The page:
We do not find TCS’s arguments convincing. The DEIS disclosed that (a) wolf hunting and trapping occurs in the area, (b) roads provide access for hunters and trappers, and (c) the road densities for the area exceeded the recommended density level. Furthermore, it appears that appellants were aware of ADF&G’s concerns and addressed them in their comments on the DEIS. Thus, the DEIS, despite its misstatement of ADF&G’s position, contained enough information to elicit extensive detailed public comments on the wolf mortality issue, and thus served “the NEPA goals of public participation and informed decision making.” Westlands Water Dist. v. U.S. Dep’t of the Interior, 376 F.3d 853, 874 (9th Cir. 2004).
Moreover, a review of the FEIS reveals that the Forest Service gave wolf mortality the requisite “hard look.” The FEIS (a) recognizes the concerns of the ADF&G biologists, (b) notes that the Forest Service and ADF&G are working on wolf mortality concerns on a broader basis than the project, (c) explains why the harvest data and wolf management reports do not support a wolf mortality concern in the Logjam area, (d) discusses a number of options that ADF&G has for regulating the hunting of wolves, and (e) explains why much of the wolf hunting in the Logjam Project is not explained by the density of roads. The district court properly found that TCS had not shown that the Forest Service failed to take a “hard look” at wolf mortality.
4. TCS’s third issue on appeal also concerns wolf mortality and alleges that the Forest Service violated the National Forest Management Act (“NFMA”) by arbitrarily concluding that wolf mortality was not a concern, failing to consider the unlawful hunting of wolves, failing to consider that closing the project area to hunting will not reduce wolf mortality, and failing to prepare a wolf habitat management program prior to approving the Logjam Project.
TCS’s arguments are not persuasive. The record reveals that the Forest Service does not deny that wolf mortality is a concern. Rather, the record shows that the Forest Service is working with ADF&G to address the concern on a broader level than this particular logging project. An appendix to the FEIS details why approval of the Logjam Project will not compromise the wolf population. Also, the regional supervisor for ADF&G confirms that the ADF&G and the Forest Service are working together to develop a wolf management plan and that the Logjam Project “does not trigger an immediate conservation concern.” Accordingly, our independent review of the record leads us to conclude that the Forest Service reasonably determined that it did not have to prepare a wolf habitat management program in advance of implementing the project. TCS has not shown that the Forest Service acted arbitrarily or in violation of the NFMA in approving the Logjam Project.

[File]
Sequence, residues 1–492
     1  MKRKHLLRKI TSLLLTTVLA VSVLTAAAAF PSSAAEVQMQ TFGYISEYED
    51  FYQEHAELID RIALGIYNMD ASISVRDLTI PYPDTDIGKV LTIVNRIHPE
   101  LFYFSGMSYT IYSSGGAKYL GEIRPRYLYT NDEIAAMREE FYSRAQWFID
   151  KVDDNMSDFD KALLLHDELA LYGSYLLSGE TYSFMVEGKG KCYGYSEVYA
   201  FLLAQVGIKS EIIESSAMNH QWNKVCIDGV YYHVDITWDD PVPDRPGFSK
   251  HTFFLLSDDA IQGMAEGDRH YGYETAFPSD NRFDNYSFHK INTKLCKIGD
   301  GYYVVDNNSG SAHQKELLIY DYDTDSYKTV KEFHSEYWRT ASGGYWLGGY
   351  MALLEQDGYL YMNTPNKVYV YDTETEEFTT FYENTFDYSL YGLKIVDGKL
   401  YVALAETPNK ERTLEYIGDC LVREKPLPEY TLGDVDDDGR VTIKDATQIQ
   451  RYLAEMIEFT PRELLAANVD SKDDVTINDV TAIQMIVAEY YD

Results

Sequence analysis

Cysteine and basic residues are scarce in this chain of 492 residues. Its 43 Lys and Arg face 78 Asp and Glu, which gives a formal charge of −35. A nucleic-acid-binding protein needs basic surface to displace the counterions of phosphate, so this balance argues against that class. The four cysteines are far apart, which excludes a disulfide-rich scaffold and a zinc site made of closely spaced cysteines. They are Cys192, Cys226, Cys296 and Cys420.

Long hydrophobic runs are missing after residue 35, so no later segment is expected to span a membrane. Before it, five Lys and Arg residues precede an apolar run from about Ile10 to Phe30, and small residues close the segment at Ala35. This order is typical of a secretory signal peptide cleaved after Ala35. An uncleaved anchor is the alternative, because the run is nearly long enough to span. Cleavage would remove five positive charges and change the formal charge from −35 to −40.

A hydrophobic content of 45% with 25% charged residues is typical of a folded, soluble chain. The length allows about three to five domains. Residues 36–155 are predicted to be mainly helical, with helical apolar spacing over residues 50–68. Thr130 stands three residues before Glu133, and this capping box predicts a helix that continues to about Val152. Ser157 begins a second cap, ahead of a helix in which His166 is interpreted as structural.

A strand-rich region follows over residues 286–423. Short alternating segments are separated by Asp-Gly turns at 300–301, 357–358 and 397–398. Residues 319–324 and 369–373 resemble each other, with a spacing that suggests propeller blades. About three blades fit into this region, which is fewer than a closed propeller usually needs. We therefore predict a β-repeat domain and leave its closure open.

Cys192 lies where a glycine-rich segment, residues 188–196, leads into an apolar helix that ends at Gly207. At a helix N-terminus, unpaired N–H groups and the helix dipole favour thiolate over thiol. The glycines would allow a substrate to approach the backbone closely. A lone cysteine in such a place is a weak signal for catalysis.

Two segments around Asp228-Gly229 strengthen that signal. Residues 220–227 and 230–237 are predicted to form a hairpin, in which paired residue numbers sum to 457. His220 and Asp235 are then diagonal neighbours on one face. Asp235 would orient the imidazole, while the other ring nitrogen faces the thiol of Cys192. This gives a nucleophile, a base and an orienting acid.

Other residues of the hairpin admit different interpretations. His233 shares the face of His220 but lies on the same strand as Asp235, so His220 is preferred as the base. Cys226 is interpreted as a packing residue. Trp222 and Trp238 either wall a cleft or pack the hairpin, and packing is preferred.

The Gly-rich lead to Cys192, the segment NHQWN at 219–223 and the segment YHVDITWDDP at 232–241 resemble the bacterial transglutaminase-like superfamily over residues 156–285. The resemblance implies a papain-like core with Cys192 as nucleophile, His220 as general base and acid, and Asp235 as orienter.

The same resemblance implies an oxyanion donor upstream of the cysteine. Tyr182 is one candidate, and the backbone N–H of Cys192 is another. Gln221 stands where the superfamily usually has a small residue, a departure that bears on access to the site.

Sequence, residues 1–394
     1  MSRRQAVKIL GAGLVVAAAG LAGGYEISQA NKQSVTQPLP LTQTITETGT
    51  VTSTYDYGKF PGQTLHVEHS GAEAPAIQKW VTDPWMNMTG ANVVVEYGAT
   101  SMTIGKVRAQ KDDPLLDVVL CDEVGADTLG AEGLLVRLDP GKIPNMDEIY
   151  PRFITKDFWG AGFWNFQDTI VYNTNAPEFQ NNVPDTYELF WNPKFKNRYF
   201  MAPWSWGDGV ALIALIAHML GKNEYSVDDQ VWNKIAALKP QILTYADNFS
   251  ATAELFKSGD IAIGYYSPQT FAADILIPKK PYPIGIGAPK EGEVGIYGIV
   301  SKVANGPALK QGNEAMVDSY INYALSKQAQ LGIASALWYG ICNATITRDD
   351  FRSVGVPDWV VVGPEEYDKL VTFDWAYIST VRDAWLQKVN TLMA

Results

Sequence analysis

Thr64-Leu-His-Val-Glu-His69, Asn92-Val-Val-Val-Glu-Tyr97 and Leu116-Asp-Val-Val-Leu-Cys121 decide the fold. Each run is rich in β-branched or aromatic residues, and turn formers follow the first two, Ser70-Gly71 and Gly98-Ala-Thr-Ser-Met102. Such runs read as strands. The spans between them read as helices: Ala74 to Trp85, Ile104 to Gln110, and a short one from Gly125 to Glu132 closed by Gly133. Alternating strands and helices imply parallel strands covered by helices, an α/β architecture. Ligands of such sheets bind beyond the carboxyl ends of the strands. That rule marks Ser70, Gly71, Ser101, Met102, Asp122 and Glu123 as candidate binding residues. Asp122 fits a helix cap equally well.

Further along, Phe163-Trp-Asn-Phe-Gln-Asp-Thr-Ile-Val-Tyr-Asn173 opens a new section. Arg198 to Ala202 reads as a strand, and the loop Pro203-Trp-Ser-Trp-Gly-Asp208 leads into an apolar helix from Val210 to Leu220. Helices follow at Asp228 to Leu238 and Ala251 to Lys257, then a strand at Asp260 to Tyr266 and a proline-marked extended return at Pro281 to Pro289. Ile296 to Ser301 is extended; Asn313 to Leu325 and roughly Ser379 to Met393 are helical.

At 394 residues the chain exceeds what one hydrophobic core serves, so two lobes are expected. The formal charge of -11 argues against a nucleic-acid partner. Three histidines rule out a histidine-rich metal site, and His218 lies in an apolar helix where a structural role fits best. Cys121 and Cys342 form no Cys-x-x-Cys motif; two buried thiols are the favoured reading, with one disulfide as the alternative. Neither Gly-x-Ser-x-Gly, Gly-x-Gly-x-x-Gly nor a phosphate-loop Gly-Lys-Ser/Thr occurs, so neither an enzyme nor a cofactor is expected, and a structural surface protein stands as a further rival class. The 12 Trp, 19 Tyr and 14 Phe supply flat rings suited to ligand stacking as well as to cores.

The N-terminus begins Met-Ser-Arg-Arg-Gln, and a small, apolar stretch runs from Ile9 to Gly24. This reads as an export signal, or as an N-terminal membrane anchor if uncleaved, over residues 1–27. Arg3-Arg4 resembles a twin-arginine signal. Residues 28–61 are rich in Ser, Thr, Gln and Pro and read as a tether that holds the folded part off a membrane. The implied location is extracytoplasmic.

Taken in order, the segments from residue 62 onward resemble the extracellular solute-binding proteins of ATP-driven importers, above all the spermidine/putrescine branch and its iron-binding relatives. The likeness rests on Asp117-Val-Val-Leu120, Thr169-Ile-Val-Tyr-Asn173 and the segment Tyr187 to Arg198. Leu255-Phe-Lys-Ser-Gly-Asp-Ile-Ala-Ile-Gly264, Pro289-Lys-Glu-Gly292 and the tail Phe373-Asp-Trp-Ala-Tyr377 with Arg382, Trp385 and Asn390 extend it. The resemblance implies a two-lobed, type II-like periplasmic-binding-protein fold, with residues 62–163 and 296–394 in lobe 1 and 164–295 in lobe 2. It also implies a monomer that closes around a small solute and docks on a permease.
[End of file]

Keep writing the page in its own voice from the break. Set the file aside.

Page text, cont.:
5. TCS’s final contention on appeal is that the Forest Service acted arbitrarily in analyzing the impact of the project on deer winter habitat. Specifically, TCS asserts that in its model for determining the effect of the project on deer habitat, the Forest Service (a) first correctly excluded non-federal lands for the estimation of habitat capability, (b) recognized that non-federal land have a presumed zero habitat capability, and (c) then “reported the habitat capability it calculated for just federal lands to be representative of the whole” area, resulting in an overcalculation of capability. The Forest Service responds that the deer model is only one tool for assessing management impacts on deer, and denies that it committed any material methodological error.
We need not determine whether the Forest Service committed an actual computation error of the habitat capability of the Logjam Project area because: (1) it is not clear that TCS raised this claim before the Forest Service, see Buckingham, 603 F.3d at 1073; (2) even if the Forest Service committed a methodological error, the record shows that it nonetheless gave the impact of the Logjam Project on deer habitat the requisite “hard look;” and (3) the distortion due to the computation error, if it occurred, was harmless. The ADF&G notes that it and the Forest Service reviewed the deer model, the model tends to overestimate the impact from timber harvests, and that the deer harvest in 2008 was the highest recorded in the last decade. Furthermore, as non-federal land constitutes only two percent of the Logjam Project area, the maximum distortion due to the alleged computation error would appear to be only two percent. TCS has the burden of showing that this alleged error was not harmless. Shinseki, 129 S. Ct. at 1705-06. Here, in light of all the other considerations that went into the FEIS, any error in the computation of the deer model for the Logjam Project had no bearing on the Forest Service’s decision.